Benefits of raising chickens (some which most people don’t think about):


  • The egg
  • The meat
  • The fertilizer/manure
  • The chicken byproducts (feather, bone, offal)
  • The reduction of scraps in the garbage/landfills
  • The aeration of soils & compost
  • The increased capacity of composting
  • The pest control


  • The peace of mind of having even if stores run out of eggs/meat
  • The leverage to sell/trade to neighbors for goods/cash
  • The strength/knowledge from building the coop and/or fencing
  • The sense of observation built by caring for the living
  • The responsibility that comes with commitment
  • The connection to reality – controlling life and death cycle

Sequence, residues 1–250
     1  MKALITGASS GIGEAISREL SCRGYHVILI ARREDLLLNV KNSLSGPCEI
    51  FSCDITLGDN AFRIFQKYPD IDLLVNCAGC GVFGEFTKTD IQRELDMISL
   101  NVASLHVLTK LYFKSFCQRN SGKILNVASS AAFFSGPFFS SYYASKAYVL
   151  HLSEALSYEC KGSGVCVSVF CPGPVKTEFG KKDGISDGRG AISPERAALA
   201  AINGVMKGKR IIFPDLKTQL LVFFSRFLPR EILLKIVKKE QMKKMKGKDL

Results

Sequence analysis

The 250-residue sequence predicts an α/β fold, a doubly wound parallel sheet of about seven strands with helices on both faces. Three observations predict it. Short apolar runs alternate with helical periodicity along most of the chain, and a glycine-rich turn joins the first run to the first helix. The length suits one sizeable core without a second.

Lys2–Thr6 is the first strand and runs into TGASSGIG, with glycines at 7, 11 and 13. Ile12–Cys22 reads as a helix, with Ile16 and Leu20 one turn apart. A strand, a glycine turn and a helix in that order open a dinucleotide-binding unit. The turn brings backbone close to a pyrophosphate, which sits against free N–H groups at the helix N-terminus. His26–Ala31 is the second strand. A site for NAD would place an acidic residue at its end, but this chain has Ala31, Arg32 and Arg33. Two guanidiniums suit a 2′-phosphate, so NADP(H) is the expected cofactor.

• The entertainment, laughs and conversation starters
  • The endless supply of photos you could post online
  • Satisfaction knowing what’s going into your food

Here’s a good post on getting started:

Here’s Joel Salatin with some particulars on farming and birds.

I am home

The infinite intersections of imagination and reality charted my course. Opportunities to discover filled my sails through countless storm. The experience revealed a route through doldrums to distant conquests. With a fire branded within, the outward journey was borne. Once commenced, it could not be stopped.

The ol’ shiny boot trick, eh?

In the military, we were ordered to shine our boots and press our uniform every morning. I thought it was superficial. “Why do we need to do that if we’re just going to be rolling around in mud all day?”

It didn’t make sense so I fought the system.

Little did I know how much I suffered being the rebel. Ironically, I haven’t cut myself much slack about it either, as if the little angel on my shoulder were actually an unrelenting drill sergeant spitting in my ear.

“You need to get squared-away soldier!”